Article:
The challenges for Artificial Intelligence applications in manufacturing

Artificial Intelligence is one of the most impressive human achievements and it offers endless opportunities to manufacturing industry [1]. However, there are still gaps and challenges for applying Artificial Intelligence in manufacturing.

According to the World Bank data manufacturing accounted for 14.1% of EU GDP. Similarly, the National Association of Manufacturers, in USA manufacturers accounted for the 11.39% of the economy’s total output in 2018. Manufacturers are leading the way in applying Artificial Intelligence (AI) technology by improving efficiency, product quality, and employees’ safety. 95% of the enterprises consider AI technology to be important to their digital transformation efforts [2]. This article discusses some of the challenges that need to be addressed for AI technology in manufacturing. The majority of manufacturing companies have to overcome the following barriers [3-6]:

  • Skills gap in AI research has shown that the lack of human skills is a big barrier for AI [7]. The adoption of AI in manufacturing has several complex applications such as advanced robotics, cognitive automations, advanced analytics, Internet of Things (IoT), Machine learning (ML), decision making, conditional monitoring to reduce the cost and improve the quality of products etc. [8]. Due to the lack of skills in AI there are more open job positions than there are workers ready to fill them. Reports indicate that finding the right talent is now 36% harder than it was in 2018 [9]. A study by Deloitte and Manufacturing Institute predicts that 2.1 million manufacturing positions will be unfilled by 2030 [10-11]. Oreilly’s 2021 Adoption in the Enterprise, refers to the lack of skilled people as the “significant” barrier or the AI [12].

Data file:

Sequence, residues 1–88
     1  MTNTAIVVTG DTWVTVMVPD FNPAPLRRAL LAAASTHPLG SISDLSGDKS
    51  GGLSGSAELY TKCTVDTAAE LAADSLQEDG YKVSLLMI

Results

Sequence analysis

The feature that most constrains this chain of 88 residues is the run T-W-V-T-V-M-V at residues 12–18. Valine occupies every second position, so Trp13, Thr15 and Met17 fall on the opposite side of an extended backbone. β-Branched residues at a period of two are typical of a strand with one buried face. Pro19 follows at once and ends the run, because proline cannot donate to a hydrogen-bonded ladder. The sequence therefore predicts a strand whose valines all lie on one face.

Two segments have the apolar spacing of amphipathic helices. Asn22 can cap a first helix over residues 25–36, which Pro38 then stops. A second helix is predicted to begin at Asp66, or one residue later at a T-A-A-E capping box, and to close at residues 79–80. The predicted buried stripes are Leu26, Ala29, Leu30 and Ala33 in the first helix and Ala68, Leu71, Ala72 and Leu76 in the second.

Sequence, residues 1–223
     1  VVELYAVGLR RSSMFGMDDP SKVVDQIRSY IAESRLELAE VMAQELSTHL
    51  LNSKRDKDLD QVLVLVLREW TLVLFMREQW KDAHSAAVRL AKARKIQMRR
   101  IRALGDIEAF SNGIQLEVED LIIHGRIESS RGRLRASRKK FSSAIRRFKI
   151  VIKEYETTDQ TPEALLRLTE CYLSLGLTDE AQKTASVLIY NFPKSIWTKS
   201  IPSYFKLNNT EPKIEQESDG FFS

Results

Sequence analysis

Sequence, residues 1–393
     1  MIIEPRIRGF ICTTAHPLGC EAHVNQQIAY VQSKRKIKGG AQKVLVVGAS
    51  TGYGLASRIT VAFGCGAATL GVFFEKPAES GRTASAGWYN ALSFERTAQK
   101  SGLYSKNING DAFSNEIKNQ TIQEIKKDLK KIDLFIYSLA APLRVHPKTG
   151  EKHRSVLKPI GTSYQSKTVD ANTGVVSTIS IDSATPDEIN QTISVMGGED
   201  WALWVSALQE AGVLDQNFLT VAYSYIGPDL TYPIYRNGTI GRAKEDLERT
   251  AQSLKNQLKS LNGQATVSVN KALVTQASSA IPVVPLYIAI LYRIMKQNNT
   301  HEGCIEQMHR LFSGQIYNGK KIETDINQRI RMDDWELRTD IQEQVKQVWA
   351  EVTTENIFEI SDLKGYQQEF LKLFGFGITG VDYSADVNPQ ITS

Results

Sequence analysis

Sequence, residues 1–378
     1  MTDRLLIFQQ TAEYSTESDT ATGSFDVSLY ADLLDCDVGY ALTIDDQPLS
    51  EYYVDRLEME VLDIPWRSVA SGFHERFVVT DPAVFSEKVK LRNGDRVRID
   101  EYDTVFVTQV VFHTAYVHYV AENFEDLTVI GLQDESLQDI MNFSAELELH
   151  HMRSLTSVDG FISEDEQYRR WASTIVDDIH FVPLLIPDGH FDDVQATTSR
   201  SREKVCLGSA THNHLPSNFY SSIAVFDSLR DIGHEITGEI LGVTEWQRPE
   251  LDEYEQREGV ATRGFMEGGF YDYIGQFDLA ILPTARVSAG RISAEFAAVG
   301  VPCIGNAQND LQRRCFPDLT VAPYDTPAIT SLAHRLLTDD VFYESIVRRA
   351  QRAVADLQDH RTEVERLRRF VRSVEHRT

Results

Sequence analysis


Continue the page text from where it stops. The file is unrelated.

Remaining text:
• Data availability and quality is a critical factor for the success of an AI project. Over the last few years, companies have generated and collected data, more than before. In particular, high amounts of data contain information (noise from sensors, errors, duplicated instances etc.) that is not useful for AI systems. The data quality is of critical importance for automated decision and continuous process optimization; without sufficient data the AI may fail to provide accurate results. Many companies do not have the knowledge on how to obtain the quality of data required to feed AI models. Machine Learning (ML) learning approaches, such as supervised Artificial Neural Networks (ANN), face two main challenges: 1) the availability of proper quality and quantity datasets and 2) labelling large dataset for training an ML model [13]. 87% of the employees that participated in Alation’s State of Data Culture Report survey, believe that data quality issues are the reason that companies failed to successfully implement AI or ML [14].
  • Real time decision-making is becoming increasingly important the last years in manufacturing applications [15]. Time critical applications are related to safety issues, monitoring quality and more. Even with sufficient data and correct AI model, there are some technological constraints that one may face. Rapid decision-making, within seconds, requires real time prediction, clean data, streaming analysis etc.
  • Interoperability is the ability of different systems to communicate and exchange information between different production systems, tools, and machines that use different technologies. The communication between those systems is established by technical protocols, standards, and APIs [15-16]. The lack of the available standardization is fundamentally associated with the interoperability problem [17].
  • Due to the complexity of the AI, manufacturers do not trust the AI technology. People without data science background may not understand how AI algorithms works. That is a significant barrier the AI technology has to overcome that is usually underestimated [18].

Despite the significant work in AI technology for manufacturing, there is still considerable work needed to overcome these challenges. However, as it has often been the case in the evolution of technology, addressing some challenge acts as a fertilizer for new challenges to grow.

Author: George Siaterlis, Emmanouil Bakopoulos, Nikolaos Nikolakis, Kosmas Alexopoulos

Laboratory for Manufacturing Systems & Automation (LMS), Patras, Greece


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